Your average American oenophile, circa 1980: soon-to-be-dead white guy with Benjamins to burn on Bordeaux. Your average American oenophile today: actually, there’s no such thing. Demographics and statistics don’t seem to have much bearing on love for the grape these days. Thanks to both the dining public’s greater savvy and increasingly sexy marketing campaigns, wine has finally found real favor among much-younger drinkers.
Of course, the fact that some of these young imbibers go on to become young sommeliers and young wine retailers only adds to the appeal and comfort level of fledgling connoisseurs; hey, if they look like you and talk like you, they probably drink like you too. Well, except that they get to do it on and around the clock. Talk about a job perk.
Actually, glam perks, among other things, are exactly what we talked about with two of the city’s twentysomething wine wizards: wine director Matt Reiser of UpStairs on the Square (91 Winthrop Street, Cambridge, 617.864.1933) and Kelly Coggins, associate of the Wine Bottega (341 Hanover Street, Boston, 617.227.6607) and Adonna Imports (the importing and distributing company owned by Il Capriccio’s Jeannie Rogers). Read it and weep with jealousy (not to mention thirst).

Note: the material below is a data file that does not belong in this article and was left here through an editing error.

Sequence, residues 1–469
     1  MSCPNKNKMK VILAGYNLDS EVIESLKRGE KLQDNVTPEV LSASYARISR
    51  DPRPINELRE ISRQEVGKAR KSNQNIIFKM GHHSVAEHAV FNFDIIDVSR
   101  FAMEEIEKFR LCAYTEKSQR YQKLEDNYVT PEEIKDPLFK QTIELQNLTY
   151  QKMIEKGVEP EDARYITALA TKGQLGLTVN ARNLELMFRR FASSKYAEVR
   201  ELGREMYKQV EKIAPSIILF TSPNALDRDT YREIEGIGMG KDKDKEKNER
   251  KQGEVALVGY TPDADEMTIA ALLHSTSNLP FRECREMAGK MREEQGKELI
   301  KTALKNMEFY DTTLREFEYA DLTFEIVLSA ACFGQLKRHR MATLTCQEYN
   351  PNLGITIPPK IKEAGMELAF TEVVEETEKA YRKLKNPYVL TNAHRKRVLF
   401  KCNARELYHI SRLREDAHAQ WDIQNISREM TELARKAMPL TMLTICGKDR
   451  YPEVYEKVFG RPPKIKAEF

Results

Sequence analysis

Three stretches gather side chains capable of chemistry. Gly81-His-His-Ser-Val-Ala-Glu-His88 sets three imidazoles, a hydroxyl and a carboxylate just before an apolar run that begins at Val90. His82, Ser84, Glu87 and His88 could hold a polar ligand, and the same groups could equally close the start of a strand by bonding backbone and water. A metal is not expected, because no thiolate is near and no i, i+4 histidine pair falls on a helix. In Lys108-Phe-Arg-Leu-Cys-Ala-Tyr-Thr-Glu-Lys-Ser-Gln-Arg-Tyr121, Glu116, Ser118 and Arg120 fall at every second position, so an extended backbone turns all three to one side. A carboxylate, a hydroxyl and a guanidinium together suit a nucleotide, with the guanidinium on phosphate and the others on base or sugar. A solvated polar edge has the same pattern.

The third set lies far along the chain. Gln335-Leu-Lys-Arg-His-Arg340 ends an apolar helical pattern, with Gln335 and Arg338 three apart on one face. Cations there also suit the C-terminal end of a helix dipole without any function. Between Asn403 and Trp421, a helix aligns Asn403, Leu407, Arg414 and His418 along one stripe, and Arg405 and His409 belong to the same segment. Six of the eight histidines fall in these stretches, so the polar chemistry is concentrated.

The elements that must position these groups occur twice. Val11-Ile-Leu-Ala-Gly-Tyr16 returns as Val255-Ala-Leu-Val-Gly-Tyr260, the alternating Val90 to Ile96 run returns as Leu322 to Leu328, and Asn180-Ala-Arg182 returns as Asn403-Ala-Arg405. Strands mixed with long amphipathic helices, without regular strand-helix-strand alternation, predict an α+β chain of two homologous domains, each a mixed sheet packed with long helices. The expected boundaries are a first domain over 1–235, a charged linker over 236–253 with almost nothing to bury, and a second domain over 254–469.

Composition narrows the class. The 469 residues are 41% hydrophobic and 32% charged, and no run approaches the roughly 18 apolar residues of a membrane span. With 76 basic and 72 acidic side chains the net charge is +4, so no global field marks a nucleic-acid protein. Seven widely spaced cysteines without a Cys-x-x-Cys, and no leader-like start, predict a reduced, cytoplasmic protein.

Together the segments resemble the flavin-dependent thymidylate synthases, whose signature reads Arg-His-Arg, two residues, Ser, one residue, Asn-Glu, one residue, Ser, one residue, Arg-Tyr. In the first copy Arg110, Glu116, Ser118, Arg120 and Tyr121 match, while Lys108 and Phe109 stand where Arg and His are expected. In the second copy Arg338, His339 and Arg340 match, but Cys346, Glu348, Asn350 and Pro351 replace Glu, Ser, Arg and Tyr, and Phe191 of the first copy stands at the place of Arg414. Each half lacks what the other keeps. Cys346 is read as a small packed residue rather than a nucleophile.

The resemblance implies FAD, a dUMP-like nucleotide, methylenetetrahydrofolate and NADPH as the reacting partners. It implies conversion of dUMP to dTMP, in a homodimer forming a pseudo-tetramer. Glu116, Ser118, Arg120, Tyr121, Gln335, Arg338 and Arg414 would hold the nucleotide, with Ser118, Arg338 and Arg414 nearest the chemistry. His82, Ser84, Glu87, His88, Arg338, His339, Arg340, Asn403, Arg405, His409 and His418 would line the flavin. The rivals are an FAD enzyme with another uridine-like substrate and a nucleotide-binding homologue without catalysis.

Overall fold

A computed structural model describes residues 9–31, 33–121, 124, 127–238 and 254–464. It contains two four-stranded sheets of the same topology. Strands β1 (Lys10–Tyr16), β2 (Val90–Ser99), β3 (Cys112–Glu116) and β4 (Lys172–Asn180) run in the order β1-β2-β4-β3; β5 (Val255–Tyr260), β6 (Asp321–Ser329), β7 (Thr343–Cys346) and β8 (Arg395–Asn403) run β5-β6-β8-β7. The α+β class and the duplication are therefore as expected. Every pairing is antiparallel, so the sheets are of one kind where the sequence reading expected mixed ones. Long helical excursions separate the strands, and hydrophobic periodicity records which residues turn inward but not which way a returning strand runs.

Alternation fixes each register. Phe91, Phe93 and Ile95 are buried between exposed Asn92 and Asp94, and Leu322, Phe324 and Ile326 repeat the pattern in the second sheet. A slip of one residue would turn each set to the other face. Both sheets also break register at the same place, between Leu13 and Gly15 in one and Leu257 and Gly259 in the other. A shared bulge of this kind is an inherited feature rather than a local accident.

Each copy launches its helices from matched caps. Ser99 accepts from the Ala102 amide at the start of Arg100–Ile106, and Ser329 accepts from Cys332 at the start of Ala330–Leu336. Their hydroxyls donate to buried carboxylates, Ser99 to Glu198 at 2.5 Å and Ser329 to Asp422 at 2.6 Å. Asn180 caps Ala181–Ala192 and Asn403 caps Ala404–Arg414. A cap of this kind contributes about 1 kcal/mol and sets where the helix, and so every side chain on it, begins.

Q: How did you get into the wine business? What is the defining moment of your career so far?
Kelly Coggins: I’ve been serious about wine for six years now. I fell in love with it when I started college [at the Culinary Institute of America]. Some friends and I got together at the end of the first week to have a small party; everyone brought a wine and a cheese. I still remember the first glass I had there — a Belinda NV prosecco. I started tasting everything I could, reading every book about wine I could find. For my 21st birthday, my parents paid for me to take the introductory test for the Court of Master Sommeliers. I passed and was certified a sommelier.
Then I moved to Boston to accept a job managing the Federalist. But, as you might expect, being a 21-year-old wine geek meant fighting an uphill battle with a clientele and a staff double my age. [Even now], being 24 and having a baby face are no great assets in the world of wine. I’ve fought hard to get where I am. I still get people asking me if I’m old enough to drink wine, let alone sell it. I guess they think I’m an idiot savant or just making up whatever I tell them.
Matt Reiser: For me, the defining moment was when I became a proud father of 2200 children — in the guise of bottles — from all around the world and at different stages of development. [UpStairs’s] prior wine director was moving on — and, unbeknownst to me, [owners Mary-Catherine Deibel and Deborah Hughes] were secretly grooming me for the position. I was utterly overwhelmed. But our chef at the time, Susan Regis [now of Pava], was my rock. She changed my life, gave me confidence. I guess I figured if Mary-Catherine, Deborah, and Susie thought I could do it, perhaps I could. And after a few get-to-know-you months in the wine cave, something just felt right about it. For once in my life, I didn’t have to question if this was for me. At the end of the day, there are people you can click with and those who “get” you — I happen to be lucky enough to have both. It’s a rich man’s headache.